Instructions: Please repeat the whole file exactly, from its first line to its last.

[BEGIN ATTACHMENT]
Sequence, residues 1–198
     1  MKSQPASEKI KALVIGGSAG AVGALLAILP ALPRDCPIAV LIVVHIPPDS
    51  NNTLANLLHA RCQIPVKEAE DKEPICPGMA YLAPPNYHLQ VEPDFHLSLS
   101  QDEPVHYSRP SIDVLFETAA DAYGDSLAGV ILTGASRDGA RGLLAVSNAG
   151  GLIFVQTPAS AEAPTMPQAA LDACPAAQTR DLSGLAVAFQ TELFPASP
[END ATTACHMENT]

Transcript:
Sequence, residues 1–198
     1  MKSQPASEKI KALVIGGSAG AVGALLAILP ALPRDCPIAV LIVVHIPPDS
    51  NNTLANLLHA RCQIPVKEAE DKEPICPGMA YLAPPNYHLQ VEPDFHLSLS
   101  QDEPVHYSRP SIDVLFETAA DAYGDSLAGV ILTGASRDGA RGLLAVSNAG
   151  GLIFVQTPAS AEAPTMPQAA LDACPAAQTR DLSGLAVAFQ TELFPASP